Volume 51 Number 7, April 2008; Pages 564–576
The links between text-based literacy study and improved metacognition are well established. It has been suggested that poetry is particularly effective in opening up students to different perspectives and enhancing self-knowledge, two fundamental components of metacognition. A recent study has shown a direct link between one particular method of studying poetry and students’ increased use of a variety of metacognitive comprehension strategies. Forty-one Year 11 American Literature students at a suburban high school in the
Key Learning AreasEnglish
Thought and thinking
Sensitivity to speech rhythm explains individual differences in reading ability independently of phonological awareness
Volume 26 Number 3, September 2008; Pages 357–367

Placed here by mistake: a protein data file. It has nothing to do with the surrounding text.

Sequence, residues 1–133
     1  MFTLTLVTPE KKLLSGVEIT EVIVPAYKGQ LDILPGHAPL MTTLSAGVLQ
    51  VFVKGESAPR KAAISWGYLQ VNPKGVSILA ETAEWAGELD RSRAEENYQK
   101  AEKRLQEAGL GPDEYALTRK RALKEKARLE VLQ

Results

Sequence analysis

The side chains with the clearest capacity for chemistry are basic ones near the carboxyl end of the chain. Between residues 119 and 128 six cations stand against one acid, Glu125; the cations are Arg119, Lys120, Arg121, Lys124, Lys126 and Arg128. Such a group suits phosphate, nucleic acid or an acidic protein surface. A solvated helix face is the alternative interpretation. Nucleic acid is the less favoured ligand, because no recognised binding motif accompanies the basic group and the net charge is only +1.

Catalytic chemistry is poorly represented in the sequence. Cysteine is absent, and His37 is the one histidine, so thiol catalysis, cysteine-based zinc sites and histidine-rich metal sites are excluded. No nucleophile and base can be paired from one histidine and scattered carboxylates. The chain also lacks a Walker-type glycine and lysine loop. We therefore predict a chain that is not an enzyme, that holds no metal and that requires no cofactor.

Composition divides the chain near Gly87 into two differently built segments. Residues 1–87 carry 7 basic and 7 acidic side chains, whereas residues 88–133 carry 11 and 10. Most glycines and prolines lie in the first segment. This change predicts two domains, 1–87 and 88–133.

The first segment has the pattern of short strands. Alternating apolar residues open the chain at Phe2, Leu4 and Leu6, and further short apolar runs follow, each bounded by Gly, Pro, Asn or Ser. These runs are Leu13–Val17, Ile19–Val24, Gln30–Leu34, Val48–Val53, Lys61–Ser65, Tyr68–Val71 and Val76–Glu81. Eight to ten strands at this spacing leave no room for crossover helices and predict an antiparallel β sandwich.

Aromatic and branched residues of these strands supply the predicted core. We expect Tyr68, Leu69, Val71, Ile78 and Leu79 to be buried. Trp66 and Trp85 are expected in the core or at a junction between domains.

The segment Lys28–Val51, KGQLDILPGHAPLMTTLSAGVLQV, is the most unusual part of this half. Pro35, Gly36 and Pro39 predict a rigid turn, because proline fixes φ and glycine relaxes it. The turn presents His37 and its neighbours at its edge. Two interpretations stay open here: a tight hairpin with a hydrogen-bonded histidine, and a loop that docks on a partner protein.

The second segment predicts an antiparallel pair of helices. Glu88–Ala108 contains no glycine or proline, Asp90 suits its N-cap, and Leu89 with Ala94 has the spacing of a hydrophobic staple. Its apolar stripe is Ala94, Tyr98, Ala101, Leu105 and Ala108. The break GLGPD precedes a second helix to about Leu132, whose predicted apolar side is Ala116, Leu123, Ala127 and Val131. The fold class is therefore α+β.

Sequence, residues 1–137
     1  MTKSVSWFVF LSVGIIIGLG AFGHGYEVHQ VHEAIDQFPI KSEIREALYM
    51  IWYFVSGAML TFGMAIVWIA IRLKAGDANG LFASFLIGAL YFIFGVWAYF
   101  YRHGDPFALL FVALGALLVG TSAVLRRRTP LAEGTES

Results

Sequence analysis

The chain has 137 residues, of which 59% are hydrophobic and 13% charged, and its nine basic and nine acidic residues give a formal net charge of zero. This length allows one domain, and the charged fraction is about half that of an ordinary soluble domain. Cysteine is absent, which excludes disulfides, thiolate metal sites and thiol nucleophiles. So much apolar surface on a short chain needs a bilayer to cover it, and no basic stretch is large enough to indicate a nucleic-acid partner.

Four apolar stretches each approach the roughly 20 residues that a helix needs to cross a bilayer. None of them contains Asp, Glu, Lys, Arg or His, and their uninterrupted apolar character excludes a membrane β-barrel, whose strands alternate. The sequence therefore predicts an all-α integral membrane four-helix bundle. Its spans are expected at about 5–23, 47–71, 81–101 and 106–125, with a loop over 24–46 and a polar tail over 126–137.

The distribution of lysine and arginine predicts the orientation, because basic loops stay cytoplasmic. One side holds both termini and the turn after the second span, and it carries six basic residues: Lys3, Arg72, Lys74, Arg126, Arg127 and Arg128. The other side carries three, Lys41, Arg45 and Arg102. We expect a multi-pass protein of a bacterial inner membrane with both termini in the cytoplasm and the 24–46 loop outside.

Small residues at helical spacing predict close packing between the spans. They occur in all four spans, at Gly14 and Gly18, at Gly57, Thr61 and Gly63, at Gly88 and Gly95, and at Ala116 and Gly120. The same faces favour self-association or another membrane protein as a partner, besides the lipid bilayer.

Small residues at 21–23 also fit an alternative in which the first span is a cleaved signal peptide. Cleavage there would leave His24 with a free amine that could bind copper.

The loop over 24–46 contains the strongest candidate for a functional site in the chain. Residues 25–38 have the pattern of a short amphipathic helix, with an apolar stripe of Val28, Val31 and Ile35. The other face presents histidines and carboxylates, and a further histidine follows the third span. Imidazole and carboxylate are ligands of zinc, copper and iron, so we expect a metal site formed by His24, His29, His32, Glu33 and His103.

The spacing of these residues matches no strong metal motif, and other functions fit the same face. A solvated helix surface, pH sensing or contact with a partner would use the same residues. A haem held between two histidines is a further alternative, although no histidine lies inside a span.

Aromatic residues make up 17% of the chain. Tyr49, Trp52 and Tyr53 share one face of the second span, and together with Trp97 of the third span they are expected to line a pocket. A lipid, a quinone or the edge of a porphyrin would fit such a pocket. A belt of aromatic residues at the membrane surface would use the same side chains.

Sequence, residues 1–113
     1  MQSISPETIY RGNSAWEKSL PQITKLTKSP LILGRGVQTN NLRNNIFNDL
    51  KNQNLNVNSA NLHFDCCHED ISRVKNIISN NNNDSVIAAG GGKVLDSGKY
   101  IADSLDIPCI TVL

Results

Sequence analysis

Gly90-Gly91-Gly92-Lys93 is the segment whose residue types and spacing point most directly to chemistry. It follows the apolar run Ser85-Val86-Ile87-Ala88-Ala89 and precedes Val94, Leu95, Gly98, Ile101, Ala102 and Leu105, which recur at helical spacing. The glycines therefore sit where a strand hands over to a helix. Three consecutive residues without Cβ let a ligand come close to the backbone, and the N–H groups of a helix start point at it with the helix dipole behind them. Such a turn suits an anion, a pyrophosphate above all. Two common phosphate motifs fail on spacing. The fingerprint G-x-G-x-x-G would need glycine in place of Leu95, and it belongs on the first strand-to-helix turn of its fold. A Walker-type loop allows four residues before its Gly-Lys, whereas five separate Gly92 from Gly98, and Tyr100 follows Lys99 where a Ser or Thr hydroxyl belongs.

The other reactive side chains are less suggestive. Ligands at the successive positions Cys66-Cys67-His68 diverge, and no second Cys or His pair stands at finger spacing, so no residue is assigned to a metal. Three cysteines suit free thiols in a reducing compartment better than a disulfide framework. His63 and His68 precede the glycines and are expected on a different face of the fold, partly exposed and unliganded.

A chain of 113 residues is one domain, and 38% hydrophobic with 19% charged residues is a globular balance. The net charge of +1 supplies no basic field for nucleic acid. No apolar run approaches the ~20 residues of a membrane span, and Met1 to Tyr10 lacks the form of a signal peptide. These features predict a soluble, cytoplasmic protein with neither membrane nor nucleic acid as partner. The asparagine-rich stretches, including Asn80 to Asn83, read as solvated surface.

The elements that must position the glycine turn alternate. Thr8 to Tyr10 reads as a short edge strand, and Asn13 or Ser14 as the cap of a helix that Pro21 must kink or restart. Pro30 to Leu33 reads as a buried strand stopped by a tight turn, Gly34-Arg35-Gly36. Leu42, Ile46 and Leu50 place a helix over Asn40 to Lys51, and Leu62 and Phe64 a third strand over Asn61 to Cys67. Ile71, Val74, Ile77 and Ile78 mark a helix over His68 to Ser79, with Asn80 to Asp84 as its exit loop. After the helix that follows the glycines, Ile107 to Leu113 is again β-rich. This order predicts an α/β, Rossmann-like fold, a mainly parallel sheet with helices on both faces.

A recent study has drawn attention to the role of speech rhythm perception in reading development. Forty-four 5- and 6-year-olds at a primary school in England completed a series of six tests that covered phoneme deletion, rhyme detection, the British Ability Scales (BAS) word reading test, nonword reading, vocabulary and stress manipulation. The stress manipulation task involved children listening to spoken words to identify 16 objects in a line drawing of a house. All of the object names had two syllables with primary lexical stress on the first syllable and a reduced vowel in the second syllable, for example ‘sofa’. After demonstrating that they could identify all of the objects, children were asked to point to the object after hearing the word with its stress patterning reversed, with ‘sofa’ pronounced ‘s’far’. They received one practice item before commencing the test to make the task clear. As expected, the average score on this task was generally low, averaging 6.3 objects correctly located out of the possible 16. It was found that stress manipulation was significantly correlated with phonological awareness and with the two measures of reading ability, BAS score and nonword reading. After age and vocabulary were taken into account, phoneme deletion accounted for 11.2 per cent of the variance in reading level, and rhyme detection accounted for an additional 5.7 per cent. Metrical stress sensitivity was also a statistically significant contributor, accounting for an additional 3.8 per cent of the variance. This suggests that stress sensitivity has a connection with reading ability that is independent of its association with phonological awareness. It is therefore argued that stress sensitivity must be included as an additional route, outside of phonological awareness, in current theories of reading development.